Person:Freyja (1)

redirected from Person:The Frejya (1)
b.abt 223
Facts and Events
Name Freyja
Alt Name Frigg
Unknown Frea
Gender Female
Birth? abt 223
Reference Number? Q1647325?
Marriage 236 Asgard, Asiato Odin , 1st King of Scandinava

the text in this section is copied from an article in Wikipedia

In Norse mythology, Freyja (; Old Norse for "(the) Lady") is a goddess associated with love, sexuality, beauty, fertility, gold, seiðr, war, and death. Freyja is the owner of the necklace Brísingamen, rides a chariot pulled by two cats, keeps the boar Hildisvíni by her side, possesses a cloak of falcon feathers, and, by her husband Óðr, is the mother of two daughters, Hnoss and Gersemi. Along with her brother Freyr (Old Norse the "Lord"), her father Njörðr, and her mother (Njörðr's sister, unnamed in sources), she is a member of the Vanir. Stemming from Old Norse Freyja, modern forms of the name include Freya, Freija, Frejya, Freyia, Fröja, Frøya, Frøjya, Freia, Freja, and Freiya.

Freyja rules over her heavenly afterlife field Fólkvangr and there receives half of those that die in battle, whereas the other half go to the god Odin's hall, Valhalla. Within Fólkvangr is her hall, Sessrúmnir. Freyja assists other deities by allowing them to use her feathered cloak, is invoked in matters of fertility and love, and is frequently sought after by powerful jötnar who wish to make her their wife. Freyja's husband, the god Óðr, is frequently absent. She cries tears of red gold for him, and searches for him under assumed names. Freyja has numerous names, including Gefn, Hörn, Mardöll, Sýr, Valfreyja, and Vanadís.

Freyja is attested in the Poetic Edda, compiled in the 13th century from earlier traditional sources; in the Prose Edda and Heimskringla, both written by Snorri Sturluson in the 13th century; in several Sagas of Icelanders; in the short story Sörla þáttr; in the poetry of skalds; and into the modern age in Scandinavian folklore, as well as the name for Friday in many Germanic languages.

Scholars have theorized about whether Freyja and the goddess Frigg ultimately stem from a single goddess common among the Germanic peoples; about her connection to the valkyries, female battlefield choosers of the slain; and her relation to other goddesses and figures in Germanic mythology, including the thrice-burnt and thrice-reborn Gullveig/Heiðr, the goddesses Gefjon, Skaði, Þorgerðr Hölgabrúðr and Irpa, Menglöð, and the 1st century CE "Isis" of the Suebi. Freyja's name appears in numerous place names in Scandinavia, with a high concentration in southern Sweden. Various plants in Scandinavia once bore her name, but it was replaced with the name of the Virgin Mary during the process of Christianization. Rural Scandinavians continued to acknowledge Freyja as a supernatural figure into the 19th century, and Freyja has inspired various works of art.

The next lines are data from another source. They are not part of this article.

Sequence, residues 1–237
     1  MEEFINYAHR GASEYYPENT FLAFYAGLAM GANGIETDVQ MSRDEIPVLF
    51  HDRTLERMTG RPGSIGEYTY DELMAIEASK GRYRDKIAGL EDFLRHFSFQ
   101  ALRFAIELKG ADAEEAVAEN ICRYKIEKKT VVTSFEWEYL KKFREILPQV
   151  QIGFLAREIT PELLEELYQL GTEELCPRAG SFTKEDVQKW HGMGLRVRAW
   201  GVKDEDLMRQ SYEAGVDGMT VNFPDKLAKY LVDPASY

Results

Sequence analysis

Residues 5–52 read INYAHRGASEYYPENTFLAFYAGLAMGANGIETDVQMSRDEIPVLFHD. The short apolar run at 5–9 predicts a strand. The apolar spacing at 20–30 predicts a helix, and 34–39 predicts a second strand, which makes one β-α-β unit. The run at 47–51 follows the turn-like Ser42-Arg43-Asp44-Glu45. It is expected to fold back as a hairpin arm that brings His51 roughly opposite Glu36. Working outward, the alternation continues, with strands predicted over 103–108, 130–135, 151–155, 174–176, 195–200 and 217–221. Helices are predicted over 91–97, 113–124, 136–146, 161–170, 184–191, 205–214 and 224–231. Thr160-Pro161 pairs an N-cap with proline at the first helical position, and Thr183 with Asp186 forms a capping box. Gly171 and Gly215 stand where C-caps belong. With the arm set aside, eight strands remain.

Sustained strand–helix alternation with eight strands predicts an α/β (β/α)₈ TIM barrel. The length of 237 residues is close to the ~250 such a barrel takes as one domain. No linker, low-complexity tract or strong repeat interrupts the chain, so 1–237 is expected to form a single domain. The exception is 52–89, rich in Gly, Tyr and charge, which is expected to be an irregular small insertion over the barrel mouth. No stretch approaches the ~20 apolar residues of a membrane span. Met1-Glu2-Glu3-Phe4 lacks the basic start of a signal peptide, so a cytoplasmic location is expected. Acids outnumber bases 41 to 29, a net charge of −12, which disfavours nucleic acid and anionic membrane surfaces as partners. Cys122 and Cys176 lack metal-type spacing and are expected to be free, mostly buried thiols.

This page uses content from the English Wikipedia. The original content was at Freyja. The list of authors can be seen in the page history. As with WeRelate, the content of Wikipedia is available under the Creative Commons Attribution/Share-Alike License.
  1.   Freyja, in Wikipedia: The Free Encyclopedia.
  2.   Circa 1225 A.D. Snorri Sturluson, Heimskringla, or The Chronicle of the Kings of Norway (London: Norroena Society, 1907), The Ynglinga Saga. Hereinafter cited as Chronicle of the Kings of Norway.
  3.   Der Brockhaus multimedial 2002 Premium DVD-ROM Software (Dudenstr. 6, 68167 Mannheim: Bibliographisches Institut & F. A. Brockhaus AG, © 2001), "Freyja".
  4.   Circa 1225 A.D. Snorri Sturluson, Chronicle of the Kings of Norway, The Ynglinga Saga, Chapter 13.
  5.   Saxo Grammaticus ("Saxo the Learned") Saxo's The Danish History, Books I-IX (New York: Norroena Society, 1905), Book 1.
  6.   Various Encyclopædia Britannica 2001 Standard Edition CD-ROM (U.S.A.: Inc. , 1994-2000), Freyja (Norse myth.).
  7.   Roderick W. Stuart, Royalty for Commoners: The Complete Lineage of John of Gaunt, Son of Edward III, Kings of England, and Queen Philippa (.: ., 3rd Ed., 1998), 324-62.